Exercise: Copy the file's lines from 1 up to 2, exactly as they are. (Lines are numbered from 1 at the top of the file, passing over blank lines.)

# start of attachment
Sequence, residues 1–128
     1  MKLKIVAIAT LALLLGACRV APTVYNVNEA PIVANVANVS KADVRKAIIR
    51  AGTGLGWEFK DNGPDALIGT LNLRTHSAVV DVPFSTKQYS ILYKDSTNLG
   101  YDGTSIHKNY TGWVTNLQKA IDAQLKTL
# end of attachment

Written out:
Sequence, residues 1–128
     1  MKLKIVAIAT LALLLGACRV APTVYNVNEA PIVANVANVS KADVRKAIIR